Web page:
In South Florida, a spurned husband opens fire, and then uses his Ford F-150 truck as a weapon

Miami HeraldDecember 31, 2013 

Ivan Wong had just opened fire on his wife and her family — delivering a hail of bullets that would leave two people dead. Then, police say, Wong hopped into his white Ford-350.

That’s when the second act of his senseless rampage began.

Wong allegedly shifted the truck in reverse, and barreled straight into the house where his wife’s family lived. Over and over, he struck the home, located in the 15000 block of Southwest 103rd Place.

“There’s a big hole in the house,” said Miami-Dade Police spokesman Alvaro Zabaleta. “He knocked a wall down.”

It all happened in broad daylight, on a Sunday afternoon. As Wong repeatedly crashed into the house, he also ran over his father-in-law, 70-year-old Modesto Figueroa, who was taken to Jackson Memorial Hospital. A family friend, Ernesto Cardenas, 42, was wounded in the gunfire and treated at Kendall Regional Hospital. The extent of their injuries was not immediately known.

Wong’s wife, Mabel Figueroa, died from the gunshot injuries. Also dead is Figueroa’s brother, Michel.

Soon after the shooting, police found Wong nearby and arrested him on charges of first-degree murder and attempted murder.

Police said Figueroa and Wong had been separated, and some neighbors on this quiet Perrine street believed that Wong acted in a jealous rage.

“He was jealous that the girl found another guy.” said neighbor Jonathan Vargas, 27, who lives across the street.

Vargas’ uncle, Armando Garcia, told his nephew that the man in the truck ran over his victims at least twice.

“My uncle said that one of the people, you couldn't even recognize him,” Vargas said.

Wong’s wife didn’t live in that house — just her family. Mabel Figueroa lived nearby, in the 10000 block of Jamaica Drive. One neighbor there, Chely Sites, 54, said Wong and Figueroa appeared to still be living together — despite police saying they were estranged.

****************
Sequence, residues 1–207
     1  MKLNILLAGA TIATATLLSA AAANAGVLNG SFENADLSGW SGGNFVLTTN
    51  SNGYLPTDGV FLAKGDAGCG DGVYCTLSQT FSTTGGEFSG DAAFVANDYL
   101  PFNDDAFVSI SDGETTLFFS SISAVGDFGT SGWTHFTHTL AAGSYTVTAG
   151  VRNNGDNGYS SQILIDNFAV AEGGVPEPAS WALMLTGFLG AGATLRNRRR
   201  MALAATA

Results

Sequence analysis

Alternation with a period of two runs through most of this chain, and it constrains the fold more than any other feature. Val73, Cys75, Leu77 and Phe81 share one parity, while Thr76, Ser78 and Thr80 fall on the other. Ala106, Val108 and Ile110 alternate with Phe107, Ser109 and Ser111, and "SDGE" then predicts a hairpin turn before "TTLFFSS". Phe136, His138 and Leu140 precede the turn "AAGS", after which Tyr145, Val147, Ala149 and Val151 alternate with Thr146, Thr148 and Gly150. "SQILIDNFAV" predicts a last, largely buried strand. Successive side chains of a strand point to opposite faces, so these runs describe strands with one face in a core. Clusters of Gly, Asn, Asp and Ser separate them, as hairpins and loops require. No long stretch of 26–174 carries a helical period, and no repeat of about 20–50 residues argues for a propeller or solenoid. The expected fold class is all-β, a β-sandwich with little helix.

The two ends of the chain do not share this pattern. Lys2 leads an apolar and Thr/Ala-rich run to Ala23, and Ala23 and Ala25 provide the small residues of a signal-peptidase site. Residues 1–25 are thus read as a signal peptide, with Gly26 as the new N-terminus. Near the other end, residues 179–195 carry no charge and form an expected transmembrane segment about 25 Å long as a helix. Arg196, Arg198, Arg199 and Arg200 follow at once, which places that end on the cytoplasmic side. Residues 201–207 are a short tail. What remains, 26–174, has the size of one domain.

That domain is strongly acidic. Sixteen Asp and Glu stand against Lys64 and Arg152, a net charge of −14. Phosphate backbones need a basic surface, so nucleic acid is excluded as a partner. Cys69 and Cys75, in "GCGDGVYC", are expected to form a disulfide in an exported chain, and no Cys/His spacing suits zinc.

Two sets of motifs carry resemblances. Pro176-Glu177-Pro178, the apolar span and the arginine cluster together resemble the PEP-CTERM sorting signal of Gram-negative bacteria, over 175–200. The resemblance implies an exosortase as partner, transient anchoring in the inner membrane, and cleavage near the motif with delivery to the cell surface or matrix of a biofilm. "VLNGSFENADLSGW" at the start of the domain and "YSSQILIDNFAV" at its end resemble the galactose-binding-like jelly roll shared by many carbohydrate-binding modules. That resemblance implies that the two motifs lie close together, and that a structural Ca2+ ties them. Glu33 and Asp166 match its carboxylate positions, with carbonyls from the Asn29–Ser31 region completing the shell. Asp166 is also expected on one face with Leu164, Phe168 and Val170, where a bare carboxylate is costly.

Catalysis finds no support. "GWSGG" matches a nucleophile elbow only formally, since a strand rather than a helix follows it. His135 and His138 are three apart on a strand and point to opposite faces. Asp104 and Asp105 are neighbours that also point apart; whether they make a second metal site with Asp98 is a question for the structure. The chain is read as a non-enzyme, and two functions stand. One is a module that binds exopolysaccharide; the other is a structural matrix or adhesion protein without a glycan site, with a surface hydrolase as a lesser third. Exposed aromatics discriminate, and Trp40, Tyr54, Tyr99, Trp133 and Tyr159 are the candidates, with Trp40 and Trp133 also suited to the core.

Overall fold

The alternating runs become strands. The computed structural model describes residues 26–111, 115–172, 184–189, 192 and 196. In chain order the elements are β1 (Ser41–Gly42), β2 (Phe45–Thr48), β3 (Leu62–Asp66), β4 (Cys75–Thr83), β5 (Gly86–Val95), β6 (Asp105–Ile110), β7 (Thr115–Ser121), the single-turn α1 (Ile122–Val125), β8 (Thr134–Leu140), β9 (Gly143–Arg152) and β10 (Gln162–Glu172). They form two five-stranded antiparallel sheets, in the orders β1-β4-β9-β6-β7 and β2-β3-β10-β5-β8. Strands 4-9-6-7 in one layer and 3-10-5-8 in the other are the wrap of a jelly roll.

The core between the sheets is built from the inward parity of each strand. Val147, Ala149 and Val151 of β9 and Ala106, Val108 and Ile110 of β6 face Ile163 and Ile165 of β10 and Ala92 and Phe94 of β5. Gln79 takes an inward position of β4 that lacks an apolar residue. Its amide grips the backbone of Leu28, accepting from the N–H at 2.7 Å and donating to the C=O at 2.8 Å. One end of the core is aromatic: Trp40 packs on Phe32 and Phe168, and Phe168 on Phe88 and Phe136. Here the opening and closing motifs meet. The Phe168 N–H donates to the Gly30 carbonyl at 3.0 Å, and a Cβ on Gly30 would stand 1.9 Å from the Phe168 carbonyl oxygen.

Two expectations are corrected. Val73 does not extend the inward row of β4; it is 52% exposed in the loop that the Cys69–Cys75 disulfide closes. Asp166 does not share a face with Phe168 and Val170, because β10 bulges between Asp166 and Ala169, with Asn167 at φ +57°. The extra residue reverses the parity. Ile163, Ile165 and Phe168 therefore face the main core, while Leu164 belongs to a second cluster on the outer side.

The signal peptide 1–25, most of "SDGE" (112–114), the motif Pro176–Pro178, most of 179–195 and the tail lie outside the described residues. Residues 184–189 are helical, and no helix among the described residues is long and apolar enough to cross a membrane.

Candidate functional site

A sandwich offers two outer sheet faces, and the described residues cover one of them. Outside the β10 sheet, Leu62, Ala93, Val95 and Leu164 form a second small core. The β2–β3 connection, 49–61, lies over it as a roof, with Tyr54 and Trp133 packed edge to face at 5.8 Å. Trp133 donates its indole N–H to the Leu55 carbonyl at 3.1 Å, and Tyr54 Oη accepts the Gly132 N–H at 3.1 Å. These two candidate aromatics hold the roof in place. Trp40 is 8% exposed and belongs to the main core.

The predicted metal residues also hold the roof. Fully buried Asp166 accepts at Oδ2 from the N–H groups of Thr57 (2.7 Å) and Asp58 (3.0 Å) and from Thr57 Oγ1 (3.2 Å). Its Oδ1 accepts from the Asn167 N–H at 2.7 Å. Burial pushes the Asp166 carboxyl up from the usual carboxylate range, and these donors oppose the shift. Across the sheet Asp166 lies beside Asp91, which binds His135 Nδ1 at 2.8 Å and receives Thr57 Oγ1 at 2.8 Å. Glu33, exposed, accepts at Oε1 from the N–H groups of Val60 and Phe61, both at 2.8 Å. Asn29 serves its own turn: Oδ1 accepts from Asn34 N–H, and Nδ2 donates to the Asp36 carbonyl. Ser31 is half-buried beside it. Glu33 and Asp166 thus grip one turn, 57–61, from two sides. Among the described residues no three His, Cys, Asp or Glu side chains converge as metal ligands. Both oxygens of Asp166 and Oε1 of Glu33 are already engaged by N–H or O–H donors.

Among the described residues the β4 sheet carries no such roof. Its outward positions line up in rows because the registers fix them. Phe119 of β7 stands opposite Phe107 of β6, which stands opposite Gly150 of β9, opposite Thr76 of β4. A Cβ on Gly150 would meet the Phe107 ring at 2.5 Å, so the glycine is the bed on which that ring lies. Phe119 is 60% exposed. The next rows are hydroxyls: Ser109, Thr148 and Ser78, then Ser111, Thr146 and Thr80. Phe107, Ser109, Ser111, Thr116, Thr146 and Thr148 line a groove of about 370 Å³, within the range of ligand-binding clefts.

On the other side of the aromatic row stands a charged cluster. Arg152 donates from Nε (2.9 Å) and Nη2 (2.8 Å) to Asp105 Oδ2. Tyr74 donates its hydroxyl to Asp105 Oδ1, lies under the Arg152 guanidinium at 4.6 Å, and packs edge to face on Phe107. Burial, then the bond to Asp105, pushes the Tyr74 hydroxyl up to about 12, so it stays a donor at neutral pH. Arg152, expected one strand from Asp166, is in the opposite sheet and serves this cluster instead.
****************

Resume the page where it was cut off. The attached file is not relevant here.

Also living in that house, Sites said: the couple’s 7-year-old daughter. It is unclear where the daughter was during Sunday’s double murder, but police say she was not at the scene of the crime.

Sites said she had never seen any signs of tension from the couple. While Wong and Figueroa did not socialize much with neighbors, from time to time they hosted big parties in their home, Sites said.

On Monday, at the site of the shooting, the home’s gaping hole revealed the living room inside the Figueroa family residence — where a vase with red roses remained intact among broken pieces of the home's wall.

Early in the morning, family members and a man who lives in an efficiency behind the home stood in the front yard but refused to speak with reporters.

Neighbors were still trying to process what had occurred.

“I heard gunshots,” said Kristian Malm, 39, who lives across the street. “A lot. It was like bam, bam, bam, bam, bam. Then I could hear the crashing and the skidding and the engine revving.”

Police described it as “unusual” that a shooter, after firing his weapon, would remain on the scene and continue to attack using his vehicle. A shooter will typically flee immediately.

“There was a lot of anger,” Zabaleta, the police spokesperson, said,

The story was supplemented with material from Miami Herald news partner, CBS4.

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